Tuesday, September 30, 2008

Uyoku

Uyoku (Japanese nationalist right-wing groups) drive by my place in their scary-looking noisy sound buses at least once a week (or so it seems to me). They came by the other day while I happened to be out on the balcony with my video camera. Here's a short (27 seconds) clip in case you're interested (or just curious):

More Birds

Cell phone pic.

Sunday, September 28, 2008

Flower Porn



The 08/09 Miyazaki Maroons

Of all my geeky interests, my yearly participation in a fantasy hockey league is maybe the most passionate. I love hockey, but here in Japan there are very few games to be seen on TV (ESPN Asia shows about a game a week, but this is hit and miss due to the vagaries of licensing rights, etc.). Fantasy hockey is a useful and fun way for me to keep up (on a daily basis) with the game I love.

(I'm fairly certain that none of this blog's regular readers are much interested in hockey (let alone "fantasy" hockey!) but, as I've said before, it's my bloody blog, and I'll blog about what I want to blog about! With apologies...)

The league I'm in, the Pacific Rim Hockey League, had a live online draft this morning in order to set our team rosters (there are eleven teams in all). Until I ruthlessly dump under-performing bums and replace them with even more worthless under-performing bums, here are the 2008-2009 Miyazaki Maroons [*]:
  • Goal: Roberto Luongo (Vancouver Canucks); Cam Ward (Carolina Hurricanes); Tim Thomas (Boston Bruins)
  • Centre: Jonathan Toews (Chicago Blackhawks); Anze Kopitar (Los Angeles Kings); Patrice Bergeron (Boston Bruins); Steve Stamkos (Tampa Bay Lightning)
  • Left Wing: Ilya Kovalchuk (Atlanta Thrashers); Vaclav Prospal (Tampa Bay Lightning); Christopher Higgins (Montreal Canadiens); Milan Lucic (Boston Bruins)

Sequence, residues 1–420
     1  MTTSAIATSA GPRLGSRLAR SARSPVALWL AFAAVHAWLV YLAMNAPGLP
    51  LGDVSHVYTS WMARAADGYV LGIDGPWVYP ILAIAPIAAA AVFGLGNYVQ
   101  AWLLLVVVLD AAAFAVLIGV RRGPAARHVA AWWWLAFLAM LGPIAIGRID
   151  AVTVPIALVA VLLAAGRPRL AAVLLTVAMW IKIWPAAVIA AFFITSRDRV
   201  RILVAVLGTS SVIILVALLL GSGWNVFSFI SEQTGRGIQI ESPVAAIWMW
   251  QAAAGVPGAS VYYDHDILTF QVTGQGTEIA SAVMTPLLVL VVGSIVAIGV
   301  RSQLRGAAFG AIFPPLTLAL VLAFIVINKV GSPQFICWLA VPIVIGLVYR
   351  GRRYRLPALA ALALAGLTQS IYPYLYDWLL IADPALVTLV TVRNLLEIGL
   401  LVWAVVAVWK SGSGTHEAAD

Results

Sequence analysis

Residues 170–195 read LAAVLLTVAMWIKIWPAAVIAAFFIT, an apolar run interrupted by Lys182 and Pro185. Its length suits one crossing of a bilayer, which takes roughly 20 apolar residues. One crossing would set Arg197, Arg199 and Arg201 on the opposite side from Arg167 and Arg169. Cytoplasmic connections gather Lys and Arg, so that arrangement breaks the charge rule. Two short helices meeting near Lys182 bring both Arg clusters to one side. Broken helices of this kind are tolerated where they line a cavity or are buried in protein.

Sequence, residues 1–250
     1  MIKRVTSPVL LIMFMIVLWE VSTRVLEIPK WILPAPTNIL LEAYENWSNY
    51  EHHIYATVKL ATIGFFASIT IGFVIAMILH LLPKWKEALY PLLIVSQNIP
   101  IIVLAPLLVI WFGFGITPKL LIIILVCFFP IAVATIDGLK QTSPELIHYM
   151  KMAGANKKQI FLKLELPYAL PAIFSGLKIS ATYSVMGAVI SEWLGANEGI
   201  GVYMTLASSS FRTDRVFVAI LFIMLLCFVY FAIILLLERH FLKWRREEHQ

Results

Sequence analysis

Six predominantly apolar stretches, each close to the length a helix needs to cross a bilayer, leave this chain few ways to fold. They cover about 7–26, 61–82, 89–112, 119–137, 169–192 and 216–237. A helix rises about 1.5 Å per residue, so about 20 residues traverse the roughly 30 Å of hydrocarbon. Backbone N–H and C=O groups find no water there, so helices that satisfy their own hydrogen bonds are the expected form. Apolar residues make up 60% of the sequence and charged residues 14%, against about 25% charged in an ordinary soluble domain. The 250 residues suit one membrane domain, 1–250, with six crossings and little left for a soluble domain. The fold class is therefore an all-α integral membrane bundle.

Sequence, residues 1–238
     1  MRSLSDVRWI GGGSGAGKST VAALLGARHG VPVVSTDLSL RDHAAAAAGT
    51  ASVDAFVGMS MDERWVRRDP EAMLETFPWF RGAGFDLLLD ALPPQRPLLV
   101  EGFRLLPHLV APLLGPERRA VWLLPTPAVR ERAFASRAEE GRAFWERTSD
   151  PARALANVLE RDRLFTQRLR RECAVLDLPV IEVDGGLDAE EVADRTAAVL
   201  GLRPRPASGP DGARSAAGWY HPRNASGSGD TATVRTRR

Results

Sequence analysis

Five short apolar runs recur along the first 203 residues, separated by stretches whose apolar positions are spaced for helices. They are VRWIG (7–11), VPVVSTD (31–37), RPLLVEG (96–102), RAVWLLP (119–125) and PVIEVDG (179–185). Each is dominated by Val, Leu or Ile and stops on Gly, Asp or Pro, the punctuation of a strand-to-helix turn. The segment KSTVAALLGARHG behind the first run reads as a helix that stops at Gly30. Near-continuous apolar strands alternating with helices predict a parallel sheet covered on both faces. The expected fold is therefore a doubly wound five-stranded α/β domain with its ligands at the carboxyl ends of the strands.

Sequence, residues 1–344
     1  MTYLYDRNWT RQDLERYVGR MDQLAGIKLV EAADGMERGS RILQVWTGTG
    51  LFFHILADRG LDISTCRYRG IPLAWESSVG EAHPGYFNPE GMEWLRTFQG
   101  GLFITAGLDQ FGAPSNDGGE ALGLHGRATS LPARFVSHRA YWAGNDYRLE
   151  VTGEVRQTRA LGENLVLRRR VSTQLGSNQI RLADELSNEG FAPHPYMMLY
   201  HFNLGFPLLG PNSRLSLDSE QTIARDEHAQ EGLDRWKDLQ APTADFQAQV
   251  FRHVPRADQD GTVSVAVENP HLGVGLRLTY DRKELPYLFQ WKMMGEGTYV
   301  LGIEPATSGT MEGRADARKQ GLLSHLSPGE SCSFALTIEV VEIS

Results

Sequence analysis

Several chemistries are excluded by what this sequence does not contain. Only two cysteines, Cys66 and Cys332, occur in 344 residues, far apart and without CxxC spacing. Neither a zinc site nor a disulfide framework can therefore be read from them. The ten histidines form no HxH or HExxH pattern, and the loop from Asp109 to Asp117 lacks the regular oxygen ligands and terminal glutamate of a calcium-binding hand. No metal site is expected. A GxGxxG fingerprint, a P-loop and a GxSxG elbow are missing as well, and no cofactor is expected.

• Right Wing: Patrick Kane (Chicago Blackhawks); Jason Pominville (Buffalo Sabres); Pierre-Marc Bouchard (Minnesota Wild)
  • Defense: Dennis Wideman (Boston Bruins); Braydon Coburn (Philadelphia Flyers); Shea Weber (Nashville Predators); Andrej Meszaros (Tampa Bay Lightning); Marek Zidlicky (Minnesota Wild); Paul Martin (New Jersey Devils); Mattias Ohlund (Vancouver Canucks)

I'm excited. Aren't you?

[*] That I have the coolest team name in this (or perhaps any other) league is beyond dispute. This should be clear to anyone with a general knowledge of a) hockey history b) English vocabulary c) Bugs Bunny d) my life and interests.

Friday, September 26, 2008

Bench

She Doesn't Understand English

My grasp of the Japanese language is, to put it somewhat charitably, shit. Sure, I can get by pretty well in most daily situations--shopping, eating out, stuff like that, but as soon as I'm required to comment on something of substance, or express a nuanced opinion (i.e. something a bit beyond, say, "yes, I like sushi!" or "no, I don't like natto!"), it's like walking into a brick wall. Fortunately for me most Japanese that I meet sense this, and very gracefully avoid putting me in a position where I might embarrass myself. Sometimes though, circumstance (or my own stupidity) forces me into a position where I'm required to speak Japanese at a level far beyond my abilities.